Top Legal Mistakes Entrepreneurs Make When Launching Startups
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expected to contribute over some period of time. Shares are divided among founders based on initial contributions (capital, idea, etc.) and also as an incentive for each founder to stick around and deliver the goods as the company develops.
Alas, too many co-founding teams forget the “over time” or “sweat equity” part of founder stock. In our example, they each get their half-ownership stake “fully-vested.” That means if, say, 10 days later one of the founders finds a better opportunity, that person gets to seize that opportunity-–-and keep all of his or her founder stock.
The solution? Co-founders should, when they initially divvy up their ownership shares, include vesting of some of their shares in chunks over time, consistent with what they expect their future contributions to be. The details can vary considerably, but a typical situation might be that one quarter of each co-founder’s shares are immediately vested, with the other three quarters vesting in equal monthly portions over two to four years. Upon a co-founder’s premature departure, the unvested shares would be sold back to the company at cost (which is usually pennies per share at most).
Intellectual Property Mistakes
Most startups with venture capital-worthy growth objectives are “know-how” driven—they have a “secret sauce” that gives them a material, sustainable competitive advantage. The secret sauce might include patents, copyrights, trademarks, trade secrets, customer relationships, etc. Many entrepreneurs are neglectful of identifying and protecting critical intellectual property assets, and too many of them don’t figure this out until the damage has been done.
This is not the place for reviewing the finer points of patent, copyright, and other laws regarding intellectual property rights. Besides, most entrepreneurs are smart enough to engage with legal counsel when it comes to the finer points of these laws. The focus here is on some basic blocking and tackling mistakes that get made before entrepreneurs even know they have an issue.
—Assignment of Intellectual Property Rights: Often, the first time an entrepreneur thinks about ownership of his or her intellectual property rights, like the software code he or she has developed, is when a prospective investor asks whether those assets have been assigned to the new company. (No reasonably intelligent investor wants to invest in a company that doesn’t own the secret sauce.)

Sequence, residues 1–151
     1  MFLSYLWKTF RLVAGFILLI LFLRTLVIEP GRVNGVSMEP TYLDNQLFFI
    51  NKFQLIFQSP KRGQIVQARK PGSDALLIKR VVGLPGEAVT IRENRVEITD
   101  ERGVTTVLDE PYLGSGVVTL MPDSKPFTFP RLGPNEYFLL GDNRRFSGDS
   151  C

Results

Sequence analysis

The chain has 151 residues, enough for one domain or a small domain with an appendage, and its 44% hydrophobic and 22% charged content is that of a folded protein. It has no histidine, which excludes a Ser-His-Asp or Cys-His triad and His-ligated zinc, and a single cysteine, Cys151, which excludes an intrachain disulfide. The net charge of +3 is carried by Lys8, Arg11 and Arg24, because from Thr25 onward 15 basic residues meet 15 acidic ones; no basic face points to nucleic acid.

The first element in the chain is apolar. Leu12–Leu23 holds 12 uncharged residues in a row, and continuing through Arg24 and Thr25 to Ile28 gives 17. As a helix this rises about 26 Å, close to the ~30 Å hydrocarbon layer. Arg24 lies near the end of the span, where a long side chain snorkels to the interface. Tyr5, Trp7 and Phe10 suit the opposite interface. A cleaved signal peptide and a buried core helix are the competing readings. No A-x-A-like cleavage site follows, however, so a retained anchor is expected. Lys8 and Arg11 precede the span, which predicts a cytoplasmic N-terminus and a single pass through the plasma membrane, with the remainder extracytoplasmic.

In the case where the founder owns all of the relevant IP, neglecting to sign it over to the startup is usually no big deal: it is more a loose end that can be tied up as part of the first round of capital investment. But when there are two or more founders involved—or when there are folks other than founders, perhaps people not even involved in the business going forward-–-things can get much more tricky. Persuading someone with no future role at the startup-–-say, a former roommate who helped with some of the early coding-–-can get expensive when the entrepreneur waits until there is serious money at the table, money that won’t stay at the table unless all of the IP has been assigned to the startup. Friends can be quite problematic in these circumstances. Just ask Mark Zuckerberg, the Facebook co-founder and CEO who spent several years mired in expensive legal battles with former Harvard classmates arguing over the origins of Facebook.
The lesson here is simple. If an entrepreneur is bringing any intellectual property to the startup that he or she doesn’t fully own-–-the classic example being software code or designs that some third party had a hand in developing-–-deal with getting that IP assigned to the startup before there is much at stake, and certainly before an investor is willing to write a big check on the assumption that all of the necessary IP has been assigned.
—“Work for Hire” Rules: When you buy a car from your local car dealer, you don’t expect that the car dealer will share ownership with you. Alas, in the case of property subject to copyright law (including software), when you pay someone to write code for you, what you get when the code is delivered is not exclusive ownership but, rather, shared ownership with the coder. Unless, that is, you get the coder to specifically assign his or her ownership interest to you as part of the contract.
The so-called “work for hire” trap has bitten too many entrepreneurs, who only find out after the fact-–-often when an investor asks the entrepreneur who wrote the startup’s software code, and whether the same specifically agreed to grant his or her “creator’s” interest in the software to the entrepreneur-–-that he or she doesn’t have exclusive ownership of the software. Unfortunately, “we both knew what we meant” strategies about ownership seldom work. So be careful when you pay someone to develop software or any copyrightable property for you, and be sure and get the developer to assign his or her rights to the product to you at the front end of the deal. And get the agreement in writing. If you don’t, you will likely find yourself having to pay for the property twice.
This short (well, perhaps “not too long” would be a better description) blog hardly does justice to the numerous legal traps that can trip up entrepreneurs before they even get their startup off the ground. It should, however, give an entrepreneur thinking about starting a company some important boxes to check before proceeding too far down the startup path.